• 2019 HONOREE
  • Work Large

Pinterest HQ2

IwamotoScott Architecture + Brereton Architects

Design Team

IwamotoScott Architecture Team

Lisa Iwamoto

Partner In Charge

Craig Scott

Partner In Charge

Matt Kendall

Project Designer

Maura Chen

Project Designer

Liam Cook

Project Designer

Pierre Barral

Project Designer

Trevor Larsen

Project Designer

Brereton Architects

Donna Cook

Partner In Charge

Mandi Rice

Tanya Ayers

Michael Castro

Nicole LaFollette

Maeve Counihan

John Zaitz

Mattie Catherman

Abel Morales

Extended Partners

General Contractors

Hathaway Dinwiddie
Construction Company
Kevin O’Riordan
Dave Coster
Ryan Locke
Tiffany Tam


Mission Bell
Creative Ceilings &
CE Toland & Son


Bruce Damonte


Inside Source
Creative Wood


Ceramic ‘penny’ tile
Rulon Micro-perforated
Interface Carpet
Desso Carpet
Tretford Carpet
Unika Vaev Ecoustics
Haworth Wood Flooring
Caeserstone solid

Consultants, Engineers,

Assembly Design
Buro Happold
Mechanical Plumbing,
BOD Taylor Engineering
The Engineering
Acoustical Consultant:
Charles M. Salter
Thornton Tomasetti

About the Project

This newest Pinterest headquarters, occupying a new six story concrete structure in San Francisco’s SOMA district, is positioned to create an urban campus with their earlier workspaces completed down the street. Per the approved development plan for the building, the main lobby at ground level constitutes one of the city’s POPOS spaces — i.e. a Privately Owned Public Outdoor Space. It is glassed-in, but has a large operable corner that opens to a new landscaped mid-block alleyway. Within this double-height lobby is a new cafe called The Point that is operated by Pinterest. Similar to the earlier HQ design, a bespoke wood ceiling along Brannan Street and custom built-in furniture is designed to create a ‘super-threshold’ between Pinterest and the city.

This arrangement is unusual for large tech companies — not only having an open, ground level public lobby, but also a food and beverage enterprise operated by the company for the general public, It allows for Pinterest to directly participate in the shaping of the public realm of San Francisco, while at the same time bringing greater interaction and exposure for the company.

The all-hands/dining space and IT lounge for Pinterest occupy the second floor, overlooking the lobby below through a wraparound glass wall. The main communication stair connecting this level to all upper floors switches back and hangs from the ceiling as a sculptural object that animates the POPOS Lobby below. The stair continues upwards, cutting through the upper four floors as a cascading communication stair. It is encased in white painted vertical aluminum rods that filter views and light, while the faceted wood ceiling incorporates indirect LED lighting within each facet. These interior architectural features further enliven the POPOS Lobby after dark, playing off and reflecting the dynamic movement of Brannan Street outside the glass lobby walls.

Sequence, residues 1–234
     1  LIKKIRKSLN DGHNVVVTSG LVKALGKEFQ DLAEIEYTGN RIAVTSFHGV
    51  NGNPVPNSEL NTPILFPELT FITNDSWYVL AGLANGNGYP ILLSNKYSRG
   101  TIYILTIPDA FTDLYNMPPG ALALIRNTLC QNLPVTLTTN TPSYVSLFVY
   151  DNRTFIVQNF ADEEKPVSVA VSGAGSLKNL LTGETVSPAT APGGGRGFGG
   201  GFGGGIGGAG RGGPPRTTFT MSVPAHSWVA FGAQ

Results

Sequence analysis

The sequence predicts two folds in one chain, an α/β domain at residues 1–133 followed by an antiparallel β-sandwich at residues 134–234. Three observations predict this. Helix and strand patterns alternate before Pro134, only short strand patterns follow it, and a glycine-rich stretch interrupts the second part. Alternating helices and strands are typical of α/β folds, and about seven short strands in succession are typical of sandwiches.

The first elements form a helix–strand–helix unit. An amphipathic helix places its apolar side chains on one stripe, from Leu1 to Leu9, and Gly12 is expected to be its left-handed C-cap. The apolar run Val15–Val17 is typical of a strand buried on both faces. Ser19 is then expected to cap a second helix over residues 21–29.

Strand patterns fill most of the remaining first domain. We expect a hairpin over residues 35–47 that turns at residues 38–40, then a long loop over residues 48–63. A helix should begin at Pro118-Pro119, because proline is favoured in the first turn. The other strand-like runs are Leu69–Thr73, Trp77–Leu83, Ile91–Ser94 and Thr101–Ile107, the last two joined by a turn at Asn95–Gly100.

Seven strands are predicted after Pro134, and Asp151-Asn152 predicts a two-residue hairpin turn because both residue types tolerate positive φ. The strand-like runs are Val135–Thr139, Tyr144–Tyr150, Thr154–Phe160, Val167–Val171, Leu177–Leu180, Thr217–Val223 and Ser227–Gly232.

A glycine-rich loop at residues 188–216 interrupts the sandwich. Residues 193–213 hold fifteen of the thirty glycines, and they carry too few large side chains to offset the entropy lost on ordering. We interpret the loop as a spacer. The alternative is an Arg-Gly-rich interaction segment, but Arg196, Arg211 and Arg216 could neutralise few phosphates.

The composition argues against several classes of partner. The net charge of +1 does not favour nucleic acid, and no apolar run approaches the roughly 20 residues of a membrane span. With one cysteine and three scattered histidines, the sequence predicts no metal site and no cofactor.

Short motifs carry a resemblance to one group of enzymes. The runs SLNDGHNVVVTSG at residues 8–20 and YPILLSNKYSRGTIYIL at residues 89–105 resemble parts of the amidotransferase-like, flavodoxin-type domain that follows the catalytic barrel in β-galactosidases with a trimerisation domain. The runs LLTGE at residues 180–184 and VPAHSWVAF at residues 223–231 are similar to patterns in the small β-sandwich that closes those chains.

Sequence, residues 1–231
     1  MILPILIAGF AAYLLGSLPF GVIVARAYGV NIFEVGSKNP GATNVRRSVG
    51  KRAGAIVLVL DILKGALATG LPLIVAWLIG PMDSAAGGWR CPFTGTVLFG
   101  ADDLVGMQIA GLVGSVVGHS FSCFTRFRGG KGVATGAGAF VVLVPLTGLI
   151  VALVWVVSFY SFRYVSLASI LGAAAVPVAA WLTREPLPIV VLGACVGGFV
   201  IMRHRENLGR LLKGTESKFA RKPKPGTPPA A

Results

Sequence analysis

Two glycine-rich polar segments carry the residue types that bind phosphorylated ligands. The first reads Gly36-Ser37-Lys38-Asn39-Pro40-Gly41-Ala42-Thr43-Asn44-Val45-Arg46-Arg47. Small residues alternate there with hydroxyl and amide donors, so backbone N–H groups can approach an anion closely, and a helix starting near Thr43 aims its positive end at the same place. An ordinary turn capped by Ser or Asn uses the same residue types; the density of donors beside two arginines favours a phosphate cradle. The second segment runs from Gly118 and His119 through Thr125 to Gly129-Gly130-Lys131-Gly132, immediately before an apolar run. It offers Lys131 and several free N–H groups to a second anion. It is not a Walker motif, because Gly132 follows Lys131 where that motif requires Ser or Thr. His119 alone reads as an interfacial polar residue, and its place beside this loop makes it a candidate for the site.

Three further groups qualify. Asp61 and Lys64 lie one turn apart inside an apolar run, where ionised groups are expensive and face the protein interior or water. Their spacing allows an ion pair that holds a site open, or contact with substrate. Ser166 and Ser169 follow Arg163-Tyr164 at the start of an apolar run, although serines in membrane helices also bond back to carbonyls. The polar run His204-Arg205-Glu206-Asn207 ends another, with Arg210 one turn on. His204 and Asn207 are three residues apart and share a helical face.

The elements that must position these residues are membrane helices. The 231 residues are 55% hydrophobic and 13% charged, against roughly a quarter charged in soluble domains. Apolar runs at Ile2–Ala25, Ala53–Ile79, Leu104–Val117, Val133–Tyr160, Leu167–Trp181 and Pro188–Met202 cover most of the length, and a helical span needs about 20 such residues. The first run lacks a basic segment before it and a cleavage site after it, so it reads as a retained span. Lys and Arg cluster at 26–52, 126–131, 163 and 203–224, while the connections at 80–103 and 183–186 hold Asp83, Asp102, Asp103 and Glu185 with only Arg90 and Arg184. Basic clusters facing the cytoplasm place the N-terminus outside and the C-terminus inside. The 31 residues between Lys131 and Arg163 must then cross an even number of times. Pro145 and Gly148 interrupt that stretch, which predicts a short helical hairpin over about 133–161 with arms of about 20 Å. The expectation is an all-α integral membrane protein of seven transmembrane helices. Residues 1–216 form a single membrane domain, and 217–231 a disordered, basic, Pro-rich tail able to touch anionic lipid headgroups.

The Long View Statement

The decision to situate this newest Pinterest HQ at this location follows a sustainable strategy of forming a close-knit and walkable urban campus for the company. The site has a high Walk Score and is just one block from the CalTrain station

The project’s design is committed to a clean and healthy environment for its staff, tenants and guests. Both the building owner and tenant recognize the importance of sustainability in the built environment. As such, the project is designed for a LEED Platinum rating

Although the city of San Francisco requires LEED Gold for new Core & Shell developments, the project team chose to pursue Platinum in order further reduce the project’s environmental impact. Furthermore, City and County of San Francisco Green Building Ordinance ensures that all CalGreen mandates are met. An added benefit of the core and shell Platinum LEED certification is that the interior fit-out was able to achieve LEED Gold for Commercial Interiors.

New buildings require many materials and can produce a lot of waste. However, this projects team has taken steps to reduce the impact of the project by pursuing strategies to recycle as much waste as possible. The project diverted more than 75% of the construction waste from the landfills, meaning less space is taken up in landfills and increases the stock of recycled materials available for use in future projects. This project in particular included over 20% recycled content by total project cost and over 50% of the materials were manufactured or sourced regionally. Furthermore, 100% of the wood used in the project is FSC certified, meaning it was grown, managed, and harvested in a sustainable manner by the Forest Stewardship Council. Purchasing FSC wood promotes sustainable harvesting practices and reduces the negative environmental impacts caused by clearcutting.

Back to all 2020 Honorees